For some reason this brings to mind Donald Hall’s “My Son, My Executioner”. Although, when your wife tells you you’re “worthless” then you’ve started dying before the birth of the baby, methinks, and unless she’s vindictive and hurtful herself, you’ve quite possibly earned it. There is a meaning buried in this line: “My pussy-willow ceased. The tiger-lily dreamed.” It has something to do with sex and affairs, with a pun or two involved I’m pretty sure. We know the story by now. Here is a quote from one of his biographies, that sums up his world back in 1951: “As he came into his own power and women responded to his intellectual and physical energy, he had found himself craving and hurting them. Afterward, when his head had cleared and he could survey the damage, he had felt intense shame. Then he would take pity on himself with gin and whiskey, first hating himself and then promising to reform. At such times he had no difficulty identifying with the Tempter, carrying hell with him wherever he went.” Riiight. By the 60s, nothing had changed except that the abuses, self- and outward-directed both, were taking a merciless toll, physically as well as emotionally. Thus, “worthless” probably was a word with some sting. Words like that sting most when you believe them yourself at some level. In 7th grade some kid, the school bully’s little pal, called me exactly that, and it did not sting, although it did incite an intense urge to pound the little creep’s teeth out. Discretion is the better part of valor, and for better or not, my memory of that eventuality includes a tagline marking it as fantasy. Too bad; he was an asshole and deserved dentures at age 12.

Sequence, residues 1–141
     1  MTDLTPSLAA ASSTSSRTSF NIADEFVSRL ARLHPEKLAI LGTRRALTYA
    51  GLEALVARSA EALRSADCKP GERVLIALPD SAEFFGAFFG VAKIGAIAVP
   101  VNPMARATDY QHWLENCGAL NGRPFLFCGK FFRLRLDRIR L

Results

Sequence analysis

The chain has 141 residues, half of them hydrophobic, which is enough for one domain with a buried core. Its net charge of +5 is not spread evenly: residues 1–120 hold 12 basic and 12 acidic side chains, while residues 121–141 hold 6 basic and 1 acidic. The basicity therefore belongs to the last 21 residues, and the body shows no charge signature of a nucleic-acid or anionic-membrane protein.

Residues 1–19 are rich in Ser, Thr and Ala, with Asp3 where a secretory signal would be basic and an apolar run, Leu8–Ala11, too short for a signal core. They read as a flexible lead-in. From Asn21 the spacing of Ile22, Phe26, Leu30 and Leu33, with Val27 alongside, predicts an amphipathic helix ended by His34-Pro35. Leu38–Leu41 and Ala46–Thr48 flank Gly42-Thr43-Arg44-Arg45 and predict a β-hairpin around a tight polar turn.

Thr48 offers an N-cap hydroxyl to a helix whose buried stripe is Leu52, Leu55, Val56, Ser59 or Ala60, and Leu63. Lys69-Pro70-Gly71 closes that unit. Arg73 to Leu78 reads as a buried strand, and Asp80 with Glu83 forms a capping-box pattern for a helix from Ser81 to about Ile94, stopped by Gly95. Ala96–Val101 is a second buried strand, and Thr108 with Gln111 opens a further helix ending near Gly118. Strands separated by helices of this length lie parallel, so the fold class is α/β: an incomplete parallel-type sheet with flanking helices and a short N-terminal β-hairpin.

Well, the approach of a child is supposed to be a happy occasion. “Dread we our loves”? It seems this line can reach in a couple directions: Dread we the consequences of our affairs, and dread we the awareness of our end that our newborn child triggers, and dread we the dark underside of relationships, when the terrible truths of which intimacy awakens awareness can become weaponized. Here’s the reason I likely wouldn’t have gone out drinking with this guy: Power and intellectual and physical energy be damned if you use it to leave wreckage in your wake. Artistic and intellectual power is not a corollary of that kind of business. And it’s not out of fear of being the next casualty. I just don’t like it. Maybe I should have more pity for somebody like a deathbed Picasso: Among the very greatest artists in history, and with more than a few ruined lives in his wake as a result of his possessiveness and vindictiveness. From the account I've read, he was tormented by self-loathing at the end and terrified of what he thought he knew was waiting for him. Nah: You made your deathbed, now lie in it.
So, all right, I’m not in a receptive mood this morning for what is striking me as narcissistic whining. It’s just a mood. It’s raining outside. I’m going to go stand in it and let sky-water rinse this poem off of my upturned face.